Sunday, September 28, 2003

Minor Crisis

(originally posted at

Nothing dreadfully serious, but Julie and I may be offline for the next few days.

Friday, September 26, 2003

Dell and the iPod Generations

(originally posted at

stevenf has a great rant about Dell's iPod-clone (DellPod?) and online music store. I was quite taken aback to see the similarities between the iPod and the Dell Digital Jukebox. Shameless.

While Scotty awaits the delivery of his new 3rd-gen iPod, we briefly discussed the pros and cons of the connector design. The 2nd-gen iPod that I've used for almost a year now has a standard firewire port. This allows me to lose firewire cables at my leisure and replace them with a cheapy from the local Radio Shack. It also avails me the option of toting multiple firewire devices and only stowing a single cable.

The 3rd-gen iPod uses an icky Apple-proprietary connector between the iPod and the dock. This ickyness can almost be overlooked by the practical application is provides. The dock can then connect via USB or firewire. So, no more Windows- or Apple-only devices. This undoubtedly makes business-sense for Apple, but... icky.

Still, with my 20gb iPod maxed out, the 3rd-gen devices are mighty attractive for their disk space.

Wednesday, September 24, 2003

Panther Build 7B74

(originally posted at

This one came in on 3 discs. The first disc was, again, the system disc. I decided to upgrade my 7B68 installation instead of installing fresh. The installation prompted me for the second disc, but errored out nicely when I didn't provide it.

After the first reboot, I was presented with the newly-styled Apply logo at the login prompt. I then installed the third disc (skipping the second for now, as it would only have applications on it) which, alas, did not include XCode. However, it did include an X11 with true GUI-system integration. Very slick.

On to disc two, which actually included the new versions of iCal (1.5) and iSync (1.2) which are rumored to be days away for release on 10.2 systems. I got to play with the new iCal for a bit and think the improvements make it much more usable. I'll blog a bit later about the specific improvements, when I actually have it in front of me. I did not get to play with iSync, since my iMac is not my production machine and has no AddressBook entries, iCal calendars, or Safari bookmarks. Come to think of it, I don't have any mail accounts set up on it either, which means I haven't had a chance to play with the new version of the Mail client. I'll have to look into that.

Sunday, September 21, 2003

Panther Build 7B68

(originally posted at

Much much much better than the alpha that was released at Apple's 2003 WWDC. Here's a list of what I've found in the first two hours of playing:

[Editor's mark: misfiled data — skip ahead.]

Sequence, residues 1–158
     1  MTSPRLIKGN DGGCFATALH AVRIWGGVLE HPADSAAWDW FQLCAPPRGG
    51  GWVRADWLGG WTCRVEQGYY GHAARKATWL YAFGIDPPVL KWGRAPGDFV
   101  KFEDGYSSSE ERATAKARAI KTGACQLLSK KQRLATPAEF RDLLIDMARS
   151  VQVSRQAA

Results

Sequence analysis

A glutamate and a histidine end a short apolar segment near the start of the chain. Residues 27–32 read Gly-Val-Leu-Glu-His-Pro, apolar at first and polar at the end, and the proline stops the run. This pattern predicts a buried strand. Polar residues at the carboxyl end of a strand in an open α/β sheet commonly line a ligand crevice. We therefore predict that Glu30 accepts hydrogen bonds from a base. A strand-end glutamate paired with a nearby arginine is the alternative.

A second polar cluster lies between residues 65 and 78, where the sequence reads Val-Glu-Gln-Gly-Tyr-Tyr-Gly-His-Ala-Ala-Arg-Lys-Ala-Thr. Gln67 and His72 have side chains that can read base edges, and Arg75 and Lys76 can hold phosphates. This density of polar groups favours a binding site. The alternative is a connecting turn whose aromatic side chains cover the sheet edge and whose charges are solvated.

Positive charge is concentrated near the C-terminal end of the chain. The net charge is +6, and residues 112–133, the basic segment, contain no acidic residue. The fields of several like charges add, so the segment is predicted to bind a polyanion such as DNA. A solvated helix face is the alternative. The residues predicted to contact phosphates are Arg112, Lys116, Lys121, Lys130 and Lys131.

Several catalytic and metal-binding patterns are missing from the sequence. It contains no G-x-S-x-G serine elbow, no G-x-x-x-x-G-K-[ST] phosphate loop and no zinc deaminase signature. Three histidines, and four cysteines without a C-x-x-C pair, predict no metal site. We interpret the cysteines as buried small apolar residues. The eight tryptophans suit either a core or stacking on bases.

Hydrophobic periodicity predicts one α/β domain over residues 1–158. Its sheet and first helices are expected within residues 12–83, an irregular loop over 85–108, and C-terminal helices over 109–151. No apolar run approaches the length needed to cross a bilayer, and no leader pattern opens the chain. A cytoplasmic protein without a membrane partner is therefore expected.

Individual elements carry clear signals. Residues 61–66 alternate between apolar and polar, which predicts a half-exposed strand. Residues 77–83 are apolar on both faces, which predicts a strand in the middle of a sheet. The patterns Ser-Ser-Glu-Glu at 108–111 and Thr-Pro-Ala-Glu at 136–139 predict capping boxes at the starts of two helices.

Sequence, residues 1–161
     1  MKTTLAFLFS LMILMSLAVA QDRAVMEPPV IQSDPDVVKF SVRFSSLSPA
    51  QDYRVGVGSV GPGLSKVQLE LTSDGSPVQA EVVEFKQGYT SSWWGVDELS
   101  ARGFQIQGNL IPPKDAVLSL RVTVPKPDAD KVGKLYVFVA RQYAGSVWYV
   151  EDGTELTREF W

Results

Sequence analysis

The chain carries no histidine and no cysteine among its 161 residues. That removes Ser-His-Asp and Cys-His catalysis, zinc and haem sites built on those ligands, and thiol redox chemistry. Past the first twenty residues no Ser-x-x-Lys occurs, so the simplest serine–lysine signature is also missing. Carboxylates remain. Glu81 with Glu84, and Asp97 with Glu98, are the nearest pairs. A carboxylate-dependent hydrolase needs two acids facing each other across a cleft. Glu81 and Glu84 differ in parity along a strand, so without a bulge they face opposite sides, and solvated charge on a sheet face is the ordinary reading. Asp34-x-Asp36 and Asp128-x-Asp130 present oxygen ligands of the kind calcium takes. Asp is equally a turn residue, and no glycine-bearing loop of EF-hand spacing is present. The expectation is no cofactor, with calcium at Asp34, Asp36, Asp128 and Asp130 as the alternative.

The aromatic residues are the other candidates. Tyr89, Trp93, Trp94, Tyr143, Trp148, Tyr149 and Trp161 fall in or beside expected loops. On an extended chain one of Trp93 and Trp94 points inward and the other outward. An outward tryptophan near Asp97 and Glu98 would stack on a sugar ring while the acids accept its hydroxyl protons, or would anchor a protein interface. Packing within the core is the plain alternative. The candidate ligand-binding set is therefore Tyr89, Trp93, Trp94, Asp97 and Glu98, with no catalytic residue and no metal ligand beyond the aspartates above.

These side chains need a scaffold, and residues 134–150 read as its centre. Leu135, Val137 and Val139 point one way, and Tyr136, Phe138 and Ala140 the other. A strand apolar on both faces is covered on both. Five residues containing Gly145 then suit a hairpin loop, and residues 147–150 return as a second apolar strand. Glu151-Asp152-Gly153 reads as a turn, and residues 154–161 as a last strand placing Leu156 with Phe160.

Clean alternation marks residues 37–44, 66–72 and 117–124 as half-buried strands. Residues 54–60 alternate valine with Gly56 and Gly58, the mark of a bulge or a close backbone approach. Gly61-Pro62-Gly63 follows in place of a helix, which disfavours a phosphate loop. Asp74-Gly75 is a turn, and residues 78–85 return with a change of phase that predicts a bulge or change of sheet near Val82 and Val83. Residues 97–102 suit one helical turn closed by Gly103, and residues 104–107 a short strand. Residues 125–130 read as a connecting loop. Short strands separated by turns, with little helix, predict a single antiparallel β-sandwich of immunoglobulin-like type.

• The system itself is both more stable and more responsive.
  • The new DVD player seems to lack the memory leak of the old one.
  • The new Finder has a less-buggy implementation of the column view.
  • The Accounts prefpane now has user limitations implemented.
  • The Simple Finder limitation for Guest users is pretty slick.
  • Fast-user switching is, well, faster.
  • Default bash shell.
  • echo $SHELL /bin/bash
  • Expose's desktop feature doesn't completely hide open windows.
  • The new Activity Monitor has a process filter and is more usable in general.
Phew. Fantastic. I can't wait until they release this to the general public.


(originally posted at

BitTorrent has some flaws, but what p2p app doesn't?

I was exposed to trackers and seeds and .torrent files and all sorts of oddities while trying to figure out how to get what I wanted.

A tracker is a service (web, app) provided by a server to categorize and keep track of the seeds that people are offering, the number of current downloads, and meta-data of that variety.

A seed is a file-for-offering. The first time a specific file is made available via the server, a hash is made. When people complete a download of the file, a checksum is run against the original seed's hash to validate the download.

To download a file, you'll need its .torrent - which is a pointer back to the BitTorrent server which brokers a connection with users who have what you need. As you download the file, you're also uploading the same file to others as brokered by the server. This is the first problem I encountered.

I don't mind sharing, but the issue is that the download turns into a pyramid scheme. There's a broad base of users who have some of the file, but only a few users who have all of it. Therefore, the beginning of your download is pretty snappy - but the more you download, the fewer the sources you can download from and the slower your download goes.

For a whole day and a half I was stuck at 94.8% of my file download waiting for someone to come online who had the last 5.2% of the file. Such aggravation!

The next drawback is that you just can't be sure of the validity of the file you're downloading. Just because the checksum against the original seed passes, doesn't mean you'll have downloaded any meaningful data. This isn't a BitTorrent-specific problem, but it's one I encountered when the installation disc I burned from the .dmg I downloaded didn't pass its internal validation process - which, luckily for me, was a skippable step of the installation.